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Learning Curve: A devastated teacher (Jennifer Erdmann) tries to help an investigator (William Church) understand the tragedy that destroyed a classroom in 'Show and Tell.'

Crime Seen

Pear Avenue's 'Show and Tell' investigates a ghastly crime

By Marianne Messina

AT MOUNTAIN VIEW'S Pear Avenue Theatre's production of Show and Tell, the set is lab-coat-white and imposing in its starkness. Above the stage, tiny chairs are suspended like explosive ejecta frozen in time. An explosion has just rocked a classroom, killing 24 children. It would be easy for that horrific prelude to overshadow the action itself, but playwright Anthony Clarvoe brings us into the story through the unimpassioned eyes of three quipping, shoptalking federal investigators. They assess the case as a puzzle "with very few edge pieces." They joke about "coroner groupies."

As the seasoned, yet so "government" investigator (no pretentious C.S.I. posturing here), the Pear's Patricia Tyler assures audiences with eternal coffee-break ease that hysteria and hand-wringing need not apply. This saves the tension for scenes with the grieving parents and Corey, the surviving teacher. Initially, Corey is suffering enough shock and survivor's guilt to carry her through the task of helping investigator Seth to identify remains. But Jennifer Erdmann's Corey is never so shut down that we lose sight of why she's a natural teacher. Erdmann exudes that unguarded availability children respond to as she brings out the rich subtleties of someone whose own childhood is always nearby.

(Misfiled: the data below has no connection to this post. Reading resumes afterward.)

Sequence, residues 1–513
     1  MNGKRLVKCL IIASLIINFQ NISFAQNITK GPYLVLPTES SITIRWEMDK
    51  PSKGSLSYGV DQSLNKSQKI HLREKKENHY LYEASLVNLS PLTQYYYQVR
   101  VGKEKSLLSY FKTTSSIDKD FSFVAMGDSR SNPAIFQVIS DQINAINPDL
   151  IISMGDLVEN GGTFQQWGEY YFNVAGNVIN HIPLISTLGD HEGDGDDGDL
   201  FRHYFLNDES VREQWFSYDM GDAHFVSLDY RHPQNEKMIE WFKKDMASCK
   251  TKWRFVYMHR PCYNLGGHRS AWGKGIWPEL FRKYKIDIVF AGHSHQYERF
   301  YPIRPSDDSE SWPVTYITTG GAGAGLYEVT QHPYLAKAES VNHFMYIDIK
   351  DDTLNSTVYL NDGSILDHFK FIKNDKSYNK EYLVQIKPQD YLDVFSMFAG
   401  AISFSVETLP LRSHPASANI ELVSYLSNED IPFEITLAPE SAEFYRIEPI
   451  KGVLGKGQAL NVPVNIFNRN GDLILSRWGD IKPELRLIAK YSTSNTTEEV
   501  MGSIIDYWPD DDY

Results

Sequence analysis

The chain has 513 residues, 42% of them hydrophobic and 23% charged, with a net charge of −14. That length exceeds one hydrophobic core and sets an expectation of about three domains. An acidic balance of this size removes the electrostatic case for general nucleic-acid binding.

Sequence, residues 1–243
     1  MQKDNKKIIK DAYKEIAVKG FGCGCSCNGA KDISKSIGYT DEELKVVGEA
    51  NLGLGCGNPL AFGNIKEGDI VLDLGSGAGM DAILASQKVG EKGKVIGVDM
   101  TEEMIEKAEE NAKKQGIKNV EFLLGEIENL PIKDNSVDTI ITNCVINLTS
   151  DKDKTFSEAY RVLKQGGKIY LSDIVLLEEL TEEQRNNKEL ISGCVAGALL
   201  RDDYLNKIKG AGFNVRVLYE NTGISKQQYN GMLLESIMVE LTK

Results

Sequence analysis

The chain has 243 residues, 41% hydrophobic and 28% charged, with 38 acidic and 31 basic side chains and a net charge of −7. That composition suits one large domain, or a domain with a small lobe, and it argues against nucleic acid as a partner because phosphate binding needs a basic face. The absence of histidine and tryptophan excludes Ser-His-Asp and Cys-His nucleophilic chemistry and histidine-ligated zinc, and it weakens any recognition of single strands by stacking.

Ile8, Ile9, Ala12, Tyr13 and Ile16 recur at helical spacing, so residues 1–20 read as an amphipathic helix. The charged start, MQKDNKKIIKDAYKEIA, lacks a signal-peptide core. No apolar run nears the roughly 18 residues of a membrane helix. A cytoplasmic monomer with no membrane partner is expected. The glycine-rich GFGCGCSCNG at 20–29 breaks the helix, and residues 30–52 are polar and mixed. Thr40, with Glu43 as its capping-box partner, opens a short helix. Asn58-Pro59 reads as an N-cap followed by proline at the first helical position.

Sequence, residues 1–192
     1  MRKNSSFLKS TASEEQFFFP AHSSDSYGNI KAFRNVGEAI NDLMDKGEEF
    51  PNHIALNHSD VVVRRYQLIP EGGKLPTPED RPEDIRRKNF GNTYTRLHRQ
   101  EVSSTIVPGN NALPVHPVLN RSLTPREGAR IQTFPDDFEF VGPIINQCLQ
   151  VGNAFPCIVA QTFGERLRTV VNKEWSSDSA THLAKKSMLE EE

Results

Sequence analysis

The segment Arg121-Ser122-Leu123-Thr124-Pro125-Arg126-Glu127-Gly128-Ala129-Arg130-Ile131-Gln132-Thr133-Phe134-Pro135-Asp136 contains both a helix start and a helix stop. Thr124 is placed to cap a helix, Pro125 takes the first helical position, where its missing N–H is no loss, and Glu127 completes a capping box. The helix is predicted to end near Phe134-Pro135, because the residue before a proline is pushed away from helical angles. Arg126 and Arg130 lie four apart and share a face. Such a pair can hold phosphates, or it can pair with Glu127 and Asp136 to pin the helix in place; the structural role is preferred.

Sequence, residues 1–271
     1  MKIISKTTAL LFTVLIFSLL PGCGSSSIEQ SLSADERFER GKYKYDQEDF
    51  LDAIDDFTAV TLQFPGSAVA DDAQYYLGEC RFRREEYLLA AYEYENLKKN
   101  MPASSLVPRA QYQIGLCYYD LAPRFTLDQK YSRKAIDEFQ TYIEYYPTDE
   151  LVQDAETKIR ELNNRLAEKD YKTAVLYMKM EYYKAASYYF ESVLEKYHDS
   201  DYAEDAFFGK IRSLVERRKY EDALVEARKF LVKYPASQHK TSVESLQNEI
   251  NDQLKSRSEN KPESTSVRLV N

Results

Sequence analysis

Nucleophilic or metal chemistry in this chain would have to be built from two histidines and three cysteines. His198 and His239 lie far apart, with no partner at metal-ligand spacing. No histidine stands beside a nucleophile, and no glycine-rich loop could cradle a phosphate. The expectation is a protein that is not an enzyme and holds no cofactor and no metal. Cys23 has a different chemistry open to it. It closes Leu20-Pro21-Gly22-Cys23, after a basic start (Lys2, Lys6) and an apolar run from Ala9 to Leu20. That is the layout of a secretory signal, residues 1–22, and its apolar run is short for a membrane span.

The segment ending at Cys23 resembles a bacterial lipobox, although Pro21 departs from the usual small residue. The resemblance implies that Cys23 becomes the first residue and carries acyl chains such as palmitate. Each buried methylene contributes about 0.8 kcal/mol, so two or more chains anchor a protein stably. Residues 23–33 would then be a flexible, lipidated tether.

A bit more baffling is William Church's Seth. It doesn't help that Clarvoe has saddled him with obtrusive commentary on the human condition. Seth seems a little stiff and preoccupied, as though when he's talking to Corey he's really listening to a cell phone in his ear. And maybe that's how he should be with the onus of solving 24 deaths on his mind. Maybe we should be asking, "What does Corey see in this guy?" Because it's not him; it's the crisis, or as Seth counsels Corey, it's "life asserting itself."

With just 45 seats, Pear Avenue Theatre is wonderfully intimate. And the cast of Show and Tell overpowers those small-theater moments--say, a patron three feet from a performer stiring coffee in a Styrofoam cup. You can't look away from Gloria Wang's touching little-lost-mommy portrayal of the sedated Gail, and Tyler in her double role as distraught parent is all nails-on-the-blackboard, scraping precisely between pain and hostility. But probably most crushing is Maureen Coyne's Lucy as she undergoes a tortured, halting progress toward realization--my granddaughter is gone. In a small space, but in a big way, the Pear's Show and Tell grabs you and puts you in touch with the human condition.

Show and Tell, a Pear Avenue Theatre production, plays Thursday-Saturday at 8pm and Sunday at 2 and 7pm through April 20 at 1220 Pear Ave., Mountain View. Tickets are $10/$15. (650.254.1148)

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From the April 10-16, 2003 issue of Metro, Silicon Valley's Weekly Newspaper.

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